Under this administration, New York City has increased the number of full-time certified arts teachers citywide by 444, representing an 18 percent increase in the number of full-time certified arts teachers over the last five years. In 2017-18, the DOE had 2,837 full-time teachers serving students in PK-12, up from 2,770 in the previous year, and up from 2,393 in 2013-14.

For the first time in 2017-18, 100 percent of responding schools – 1,491 schools – reported working with one or more cultural partners, up from 84 percent in 2013-14. New York City schools partner with 431 cultural organizations citywide, bringing professional artists into schools to conduct workshops and exhibitions, and expose students to world-class performances.

The DOE continues to advance equity for Multilingual Learners and students with disabilities through partnerships grants, including Arts for English Language Learners and Students with Disabilities, Arts Continuum, and the Arts + Families Engagement program. These grants grew to serve 369 schools in 2017-18 – with approximately 200 arts organizations providing services – up from 144 schools when the grants launched in 2014-15. Additionally, in 2017-18, the DOE released the Arts and Students with Disabilities Online Resource Compendium(Open external link), a resource on best practices for educating students with disabilities in the arts classroom. Additional training using this resource is available throughout the 2018-19 school year.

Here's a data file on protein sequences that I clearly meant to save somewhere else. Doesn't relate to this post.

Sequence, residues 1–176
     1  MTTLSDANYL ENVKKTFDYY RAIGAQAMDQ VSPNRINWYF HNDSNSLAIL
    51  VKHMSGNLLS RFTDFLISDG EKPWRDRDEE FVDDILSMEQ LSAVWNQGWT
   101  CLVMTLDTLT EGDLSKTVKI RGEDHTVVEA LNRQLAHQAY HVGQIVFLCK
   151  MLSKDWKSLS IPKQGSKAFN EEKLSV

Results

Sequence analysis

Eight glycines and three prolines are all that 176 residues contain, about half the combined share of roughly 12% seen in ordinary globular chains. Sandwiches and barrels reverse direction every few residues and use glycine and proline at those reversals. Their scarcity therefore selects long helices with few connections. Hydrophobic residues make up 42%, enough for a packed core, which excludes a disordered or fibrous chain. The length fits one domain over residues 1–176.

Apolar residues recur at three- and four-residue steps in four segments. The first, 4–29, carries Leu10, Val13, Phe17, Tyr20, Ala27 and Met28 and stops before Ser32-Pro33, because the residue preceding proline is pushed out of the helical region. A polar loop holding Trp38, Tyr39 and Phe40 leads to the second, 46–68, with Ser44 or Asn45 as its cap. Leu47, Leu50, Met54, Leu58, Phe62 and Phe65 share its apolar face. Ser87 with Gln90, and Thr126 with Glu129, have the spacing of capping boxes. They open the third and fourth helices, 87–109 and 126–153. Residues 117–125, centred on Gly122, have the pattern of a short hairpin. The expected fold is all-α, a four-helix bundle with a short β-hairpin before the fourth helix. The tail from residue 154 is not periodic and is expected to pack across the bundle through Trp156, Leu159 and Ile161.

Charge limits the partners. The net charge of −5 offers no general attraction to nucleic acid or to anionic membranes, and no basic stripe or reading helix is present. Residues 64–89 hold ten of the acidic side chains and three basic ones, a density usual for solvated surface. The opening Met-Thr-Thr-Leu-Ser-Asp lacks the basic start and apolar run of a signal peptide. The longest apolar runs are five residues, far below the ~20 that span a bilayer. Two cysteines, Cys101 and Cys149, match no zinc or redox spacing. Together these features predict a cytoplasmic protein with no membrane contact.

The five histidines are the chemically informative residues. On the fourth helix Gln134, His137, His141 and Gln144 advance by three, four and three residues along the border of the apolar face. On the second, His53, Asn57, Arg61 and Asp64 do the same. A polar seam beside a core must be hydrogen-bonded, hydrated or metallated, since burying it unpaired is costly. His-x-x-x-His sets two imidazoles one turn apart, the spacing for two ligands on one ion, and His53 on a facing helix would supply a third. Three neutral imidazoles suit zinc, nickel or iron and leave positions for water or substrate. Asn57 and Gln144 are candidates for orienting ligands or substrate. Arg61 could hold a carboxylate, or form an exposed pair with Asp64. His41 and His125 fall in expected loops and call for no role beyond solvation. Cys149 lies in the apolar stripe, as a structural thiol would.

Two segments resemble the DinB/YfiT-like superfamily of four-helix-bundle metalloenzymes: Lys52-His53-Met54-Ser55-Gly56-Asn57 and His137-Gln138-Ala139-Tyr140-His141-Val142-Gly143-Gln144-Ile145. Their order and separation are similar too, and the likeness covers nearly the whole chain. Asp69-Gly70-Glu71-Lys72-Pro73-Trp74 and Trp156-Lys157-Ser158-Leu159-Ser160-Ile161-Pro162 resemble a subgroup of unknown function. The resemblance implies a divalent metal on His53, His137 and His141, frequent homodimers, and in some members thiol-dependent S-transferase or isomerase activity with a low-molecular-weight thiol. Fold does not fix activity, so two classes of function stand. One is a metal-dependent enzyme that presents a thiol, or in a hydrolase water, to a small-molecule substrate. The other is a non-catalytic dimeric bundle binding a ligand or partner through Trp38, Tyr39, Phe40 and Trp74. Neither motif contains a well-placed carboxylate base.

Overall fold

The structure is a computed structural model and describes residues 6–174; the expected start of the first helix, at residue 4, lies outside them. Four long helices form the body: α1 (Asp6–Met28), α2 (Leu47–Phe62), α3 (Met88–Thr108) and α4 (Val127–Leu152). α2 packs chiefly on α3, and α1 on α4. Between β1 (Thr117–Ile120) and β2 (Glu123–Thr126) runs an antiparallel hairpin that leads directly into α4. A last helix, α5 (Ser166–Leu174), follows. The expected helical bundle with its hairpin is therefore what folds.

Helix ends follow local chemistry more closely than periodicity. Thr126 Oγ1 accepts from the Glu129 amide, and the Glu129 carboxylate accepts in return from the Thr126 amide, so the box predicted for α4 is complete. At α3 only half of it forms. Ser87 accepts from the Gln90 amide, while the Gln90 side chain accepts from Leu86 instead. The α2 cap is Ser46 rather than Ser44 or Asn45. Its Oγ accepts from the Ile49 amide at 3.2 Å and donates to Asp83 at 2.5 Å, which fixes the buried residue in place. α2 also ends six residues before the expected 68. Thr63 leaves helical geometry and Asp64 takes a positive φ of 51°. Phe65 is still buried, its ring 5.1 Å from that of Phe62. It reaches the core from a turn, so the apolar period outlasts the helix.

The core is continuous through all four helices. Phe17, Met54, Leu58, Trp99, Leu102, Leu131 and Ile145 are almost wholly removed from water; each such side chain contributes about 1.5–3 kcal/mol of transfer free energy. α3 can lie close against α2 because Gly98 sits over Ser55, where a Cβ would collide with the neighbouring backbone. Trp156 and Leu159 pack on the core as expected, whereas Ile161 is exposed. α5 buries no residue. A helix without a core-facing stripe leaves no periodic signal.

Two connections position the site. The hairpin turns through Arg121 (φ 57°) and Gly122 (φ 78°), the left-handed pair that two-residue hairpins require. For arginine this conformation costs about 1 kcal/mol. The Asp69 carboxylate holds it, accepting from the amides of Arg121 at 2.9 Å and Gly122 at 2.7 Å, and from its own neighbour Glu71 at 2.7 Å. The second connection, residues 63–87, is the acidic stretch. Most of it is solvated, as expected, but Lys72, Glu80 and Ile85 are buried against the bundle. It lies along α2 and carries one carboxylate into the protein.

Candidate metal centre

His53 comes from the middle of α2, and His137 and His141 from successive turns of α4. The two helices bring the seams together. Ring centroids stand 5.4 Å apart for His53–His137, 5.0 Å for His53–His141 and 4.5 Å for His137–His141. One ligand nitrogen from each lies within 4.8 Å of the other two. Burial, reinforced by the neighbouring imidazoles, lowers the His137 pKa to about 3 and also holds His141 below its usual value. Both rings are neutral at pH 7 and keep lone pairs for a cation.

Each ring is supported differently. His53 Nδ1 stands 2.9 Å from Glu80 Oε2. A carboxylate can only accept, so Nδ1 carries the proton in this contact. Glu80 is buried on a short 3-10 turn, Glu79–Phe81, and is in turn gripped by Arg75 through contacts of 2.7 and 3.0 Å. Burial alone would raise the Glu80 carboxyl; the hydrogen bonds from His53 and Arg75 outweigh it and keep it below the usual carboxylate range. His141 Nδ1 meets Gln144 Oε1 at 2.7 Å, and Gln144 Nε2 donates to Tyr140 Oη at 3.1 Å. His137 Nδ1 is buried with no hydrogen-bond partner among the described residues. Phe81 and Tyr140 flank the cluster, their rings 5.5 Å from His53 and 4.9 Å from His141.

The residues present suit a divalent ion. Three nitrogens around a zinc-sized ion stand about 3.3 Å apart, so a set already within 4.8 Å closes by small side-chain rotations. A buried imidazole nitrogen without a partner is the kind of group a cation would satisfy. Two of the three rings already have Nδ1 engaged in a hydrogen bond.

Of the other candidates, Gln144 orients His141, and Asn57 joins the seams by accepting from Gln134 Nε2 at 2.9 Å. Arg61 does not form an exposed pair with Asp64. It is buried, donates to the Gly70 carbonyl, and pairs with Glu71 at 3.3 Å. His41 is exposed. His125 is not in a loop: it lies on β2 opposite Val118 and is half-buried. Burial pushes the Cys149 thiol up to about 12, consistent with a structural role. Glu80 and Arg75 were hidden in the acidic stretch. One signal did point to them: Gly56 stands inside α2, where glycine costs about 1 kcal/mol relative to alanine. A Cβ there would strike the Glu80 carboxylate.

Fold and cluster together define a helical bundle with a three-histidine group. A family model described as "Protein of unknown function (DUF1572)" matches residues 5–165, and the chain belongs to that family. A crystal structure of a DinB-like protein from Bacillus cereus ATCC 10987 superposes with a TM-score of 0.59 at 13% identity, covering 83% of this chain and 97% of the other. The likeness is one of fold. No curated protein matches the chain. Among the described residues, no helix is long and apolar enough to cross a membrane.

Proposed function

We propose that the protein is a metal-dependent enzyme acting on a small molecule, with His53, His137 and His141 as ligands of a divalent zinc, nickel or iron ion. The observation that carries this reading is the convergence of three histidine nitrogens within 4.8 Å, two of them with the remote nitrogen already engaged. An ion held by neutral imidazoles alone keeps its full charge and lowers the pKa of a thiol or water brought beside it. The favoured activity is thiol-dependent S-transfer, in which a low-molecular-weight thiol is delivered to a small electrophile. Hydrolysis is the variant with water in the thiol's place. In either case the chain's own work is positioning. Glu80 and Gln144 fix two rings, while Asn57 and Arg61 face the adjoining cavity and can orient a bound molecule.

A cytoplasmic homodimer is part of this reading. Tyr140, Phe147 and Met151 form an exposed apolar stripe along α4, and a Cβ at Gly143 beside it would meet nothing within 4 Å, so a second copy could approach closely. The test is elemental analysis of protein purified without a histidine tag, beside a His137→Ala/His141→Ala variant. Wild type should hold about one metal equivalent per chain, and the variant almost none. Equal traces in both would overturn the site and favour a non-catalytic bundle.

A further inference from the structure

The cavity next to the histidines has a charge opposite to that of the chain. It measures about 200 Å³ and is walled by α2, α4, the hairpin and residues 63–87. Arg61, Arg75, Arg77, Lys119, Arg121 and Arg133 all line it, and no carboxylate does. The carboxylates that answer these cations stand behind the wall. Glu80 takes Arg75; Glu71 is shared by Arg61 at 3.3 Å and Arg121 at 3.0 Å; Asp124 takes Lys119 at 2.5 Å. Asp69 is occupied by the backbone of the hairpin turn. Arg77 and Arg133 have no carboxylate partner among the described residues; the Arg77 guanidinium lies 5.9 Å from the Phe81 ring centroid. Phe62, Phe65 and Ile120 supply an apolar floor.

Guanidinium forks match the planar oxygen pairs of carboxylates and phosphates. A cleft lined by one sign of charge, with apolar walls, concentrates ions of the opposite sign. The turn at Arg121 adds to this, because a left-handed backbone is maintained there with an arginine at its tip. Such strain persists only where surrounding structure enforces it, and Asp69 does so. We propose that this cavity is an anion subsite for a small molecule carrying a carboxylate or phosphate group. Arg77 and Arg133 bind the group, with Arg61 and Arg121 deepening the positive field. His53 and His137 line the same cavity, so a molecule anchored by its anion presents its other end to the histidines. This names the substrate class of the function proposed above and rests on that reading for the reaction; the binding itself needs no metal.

The 2017-18 Arts in Schools Report also highlights a number of new and expanded arts initiatives that are reaching students across all five boroughs: family engagement activities including Borough Art Festivals and High School Audition and Application Workshops, and additional professional development for arts educators. In summer 2018, the DOE served 252 students through the Middle School Arts Audition Boot Camp, up from 98 in July 2014. Sponsored by the DOE and hosted by Lincoln Center Education, the Audition Boot Camp provides intensive support and targeted training to students auditioning for and applying to arts-based high schools in New York City. The program works to level the playing field by helping students from Title I middle schools prepare for auditions at competitive arts high schools.